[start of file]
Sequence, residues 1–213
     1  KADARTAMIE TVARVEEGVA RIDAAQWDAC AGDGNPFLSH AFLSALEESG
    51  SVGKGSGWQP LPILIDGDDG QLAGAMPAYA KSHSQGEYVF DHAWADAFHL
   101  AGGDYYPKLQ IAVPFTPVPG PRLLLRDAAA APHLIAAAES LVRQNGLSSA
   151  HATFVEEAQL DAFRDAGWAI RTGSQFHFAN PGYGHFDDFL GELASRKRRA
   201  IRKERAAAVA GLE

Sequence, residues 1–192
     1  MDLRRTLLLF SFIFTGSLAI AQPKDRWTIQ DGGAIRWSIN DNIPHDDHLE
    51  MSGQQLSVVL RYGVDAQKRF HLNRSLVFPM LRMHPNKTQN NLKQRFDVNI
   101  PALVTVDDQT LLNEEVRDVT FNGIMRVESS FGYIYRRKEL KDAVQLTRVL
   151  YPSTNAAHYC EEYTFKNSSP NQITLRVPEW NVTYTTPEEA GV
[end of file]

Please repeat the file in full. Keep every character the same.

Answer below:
Sequence, residues 1–213
     1  KADARTAMIE TVARVEEGVA RIDAAQWDAC AGDGNPFLSH AFLSALEESG
    51  SVGKGSGWQP LPILIDGDDG QLAGAMPAYA KSHSQGEYVF DHAWADAFHL
   101  AGGDYYPKLQ IAVPFTPVPG PRLLLRDAAA APHLIAAAES LVRQNGLSSA
   151  HATFVEEAQL DAFRDAGWAI RTGSQFHFAN PGYGHFDDFL GELASRKRRA
   201  IRKERAAAVA GLE

Sequence, residues 1–192
     1  MDLRRTLLLF SFIFTGSLAI AQPKDRWTIQ DGGAIRWSIN DNIPHDDHLE
    51  MSGQQLSVVL RYGVDAQKRF HLNRSLVFPM LRMHPNKTQN NLKQRFDVNI
   101  PALVTVDDQT LLNEEVRDVT FNGIMRVESS FGYIYRRKEL KDAVQLTRVL
   151  YPSTNAAHYC EEYTFKNSSP NQITLRVPEW NVTYTTPEEA GV